Other Options

The 514 is fairly long (about 12 miles). If money is tight, then it could be truncated at various places. There is no point, though, in ending it before (or at) 164th. That would simply be a shift in service, with no benefit over keeping the existing routing of the 510, 511 and 201/202 (but running the first two more often). That leaves a few options:

1) Ending at SR 99 and Airport Road. That would provide a lot of people with a fast one seat ride to Lynnwood, while anyone on SR 99 would have a fairly frequent two seat ride. Unfortunately, a lot of people on Casino Road (which is relatively densely populated) would still have an infrequent three seat ride to Lynnwood. It also becomes more difficult to get to Paine Field and the surrounding factories. There are likely to be alternative bus routes, but probably nothing as frequent (because nothing would pass through as many relatively densely populated areas).

2) Ending at SR 99 and Casino Road. A stop here would connect to several Everett Transit bus routes. However, the Community Transit bus routes manage to skip this stop by using the freeway. This means that connecting service to the airport (and surrounding businesses) would not be that frequent. I could easily see how more bus routes could be changed to serve that area (since it is a crossroad) but if you ended at Airport Road and Casino Road, you wouldn’t have to. That connects to just about every bus in the area.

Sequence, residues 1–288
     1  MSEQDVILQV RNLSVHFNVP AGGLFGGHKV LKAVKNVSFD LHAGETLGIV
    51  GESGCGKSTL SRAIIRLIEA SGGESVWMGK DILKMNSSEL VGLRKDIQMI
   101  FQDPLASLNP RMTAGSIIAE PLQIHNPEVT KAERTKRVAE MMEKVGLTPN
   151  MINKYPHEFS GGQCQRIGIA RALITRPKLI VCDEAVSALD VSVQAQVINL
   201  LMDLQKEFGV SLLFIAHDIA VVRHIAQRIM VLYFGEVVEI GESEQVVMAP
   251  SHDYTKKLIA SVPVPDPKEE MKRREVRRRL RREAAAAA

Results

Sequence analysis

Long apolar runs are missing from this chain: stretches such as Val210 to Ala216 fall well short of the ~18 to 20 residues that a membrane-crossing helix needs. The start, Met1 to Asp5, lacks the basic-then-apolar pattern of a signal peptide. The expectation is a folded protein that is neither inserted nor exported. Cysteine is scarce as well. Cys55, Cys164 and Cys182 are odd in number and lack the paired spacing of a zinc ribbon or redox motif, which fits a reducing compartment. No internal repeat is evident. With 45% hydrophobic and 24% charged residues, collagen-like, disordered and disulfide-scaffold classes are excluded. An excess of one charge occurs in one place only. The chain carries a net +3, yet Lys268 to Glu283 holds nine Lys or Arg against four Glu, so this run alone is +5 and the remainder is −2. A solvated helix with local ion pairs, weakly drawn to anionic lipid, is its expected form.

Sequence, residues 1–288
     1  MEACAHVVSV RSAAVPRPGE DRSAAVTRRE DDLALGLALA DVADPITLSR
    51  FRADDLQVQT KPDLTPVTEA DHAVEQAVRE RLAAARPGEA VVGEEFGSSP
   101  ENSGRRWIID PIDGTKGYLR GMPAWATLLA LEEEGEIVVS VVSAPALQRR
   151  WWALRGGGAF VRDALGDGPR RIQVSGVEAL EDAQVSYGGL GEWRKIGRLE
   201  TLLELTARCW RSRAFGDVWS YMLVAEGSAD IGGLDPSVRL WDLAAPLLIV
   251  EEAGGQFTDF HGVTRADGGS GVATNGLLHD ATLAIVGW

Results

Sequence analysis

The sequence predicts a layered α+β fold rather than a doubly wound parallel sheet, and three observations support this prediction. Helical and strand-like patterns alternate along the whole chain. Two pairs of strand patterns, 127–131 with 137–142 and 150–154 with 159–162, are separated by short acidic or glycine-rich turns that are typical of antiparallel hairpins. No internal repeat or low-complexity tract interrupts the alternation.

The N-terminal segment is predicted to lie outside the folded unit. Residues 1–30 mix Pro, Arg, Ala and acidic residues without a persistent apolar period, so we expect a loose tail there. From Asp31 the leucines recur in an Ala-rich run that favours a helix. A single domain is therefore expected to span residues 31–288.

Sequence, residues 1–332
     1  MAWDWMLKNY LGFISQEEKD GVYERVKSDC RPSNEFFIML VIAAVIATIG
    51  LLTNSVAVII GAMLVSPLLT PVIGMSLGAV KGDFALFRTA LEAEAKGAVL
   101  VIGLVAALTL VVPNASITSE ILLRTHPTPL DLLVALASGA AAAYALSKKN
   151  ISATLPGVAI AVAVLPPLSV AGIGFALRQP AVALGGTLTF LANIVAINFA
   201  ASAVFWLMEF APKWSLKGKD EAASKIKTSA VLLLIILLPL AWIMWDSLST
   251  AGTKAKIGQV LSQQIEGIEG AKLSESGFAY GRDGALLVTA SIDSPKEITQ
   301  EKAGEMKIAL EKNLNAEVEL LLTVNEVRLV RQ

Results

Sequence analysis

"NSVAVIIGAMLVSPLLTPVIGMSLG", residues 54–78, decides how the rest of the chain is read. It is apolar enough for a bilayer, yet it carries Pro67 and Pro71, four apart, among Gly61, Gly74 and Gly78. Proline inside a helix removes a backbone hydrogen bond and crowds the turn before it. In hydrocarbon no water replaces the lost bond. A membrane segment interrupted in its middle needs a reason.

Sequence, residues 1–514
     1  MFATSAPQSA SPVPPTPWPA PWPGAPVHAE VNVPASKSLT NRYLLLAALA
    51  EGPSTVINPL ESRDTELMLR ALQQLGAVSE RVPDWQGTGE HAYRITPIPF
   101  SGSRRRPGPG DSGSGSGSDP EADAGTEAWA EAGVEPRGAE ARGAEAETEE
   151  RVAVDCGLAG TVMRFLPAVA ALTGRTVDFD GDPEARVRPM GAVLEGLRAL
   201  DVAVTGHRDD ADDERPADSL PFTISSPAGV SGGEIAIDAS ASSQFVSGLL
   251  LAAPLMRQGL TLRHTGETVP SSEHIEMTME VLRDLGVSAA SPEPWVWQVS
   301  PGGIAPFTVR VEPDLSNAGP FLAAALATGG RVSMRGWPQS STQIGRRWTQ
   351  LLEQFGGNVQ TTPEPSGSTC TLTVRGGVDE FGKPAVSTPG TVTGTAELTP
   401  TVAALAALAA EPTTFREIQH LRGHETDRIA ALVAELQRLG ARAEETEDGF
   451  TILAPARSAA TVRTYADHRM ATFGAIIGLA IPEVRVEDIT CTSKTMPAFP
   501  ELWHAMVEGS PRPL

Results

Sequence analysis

21 Replies to “Frequent Everett Bus Routes Serving Lynnwood Link”

  1. I like your idea about getting the time-consuming P&Rs like Ash Way out of the Everett-Lynnwood trunk and putting them on different route(s). Concrete proposals like this will help to push ST and CT to do so. And that route to Boeing prebuilds ridership for ST3, although it may be less popular because it’s indirect and meanders on Ash Way. Still, it’s an idea.

    There might be heavy pushback to truncating the 201/202, especially before Link gets to Everett. The 201/202 serve several transit markets, but one of them is Smokey Point to Lynnwood. Otherwise Marysville would be a two-seat ride to Link, and Arlington a three-seat ride. (And that’s on top of the 1-3 seats if you’re going further on Link.) I think Snohomish would say every route should go to a Link station, except minor nodes like Arlington and Snohomish town. But Marysville should arguably be part of the trunk, and is the fastest-growing part of the county. And it would make it feasible to truncate the Skagit County route at Smokey Point someday.

    The 201/202 are odd because they’re express in Everett, stopping only at Everett Station and a stop in south downtown. That’s mainly because Everett is not in CT’s service area, but it also speeds up service between Marysville and Lynnwood, which is probably a priority of CT and the county’s residents. Lynnwood is the de facto biggest city and center of the county, even though Everett tries hard to hang on to its historical status. And long distances are less of a problem in Snohomish County than they are in King County because densities are lower, roads are wider, and speed limits are higher. CT routes used to be maddeningly slow when they meandered. (A woman in Mountlake Terrace in the early 90s said she could walk her dog to Edmonds Community College faster as the CT route took.), but since it was reorganized to go between transit centers, I have found CT buses to be impressively fast when they come. Their main problem now is frequency. I don’t know if the 201/202 have reliability problems; it’s worth checking how reliable they are.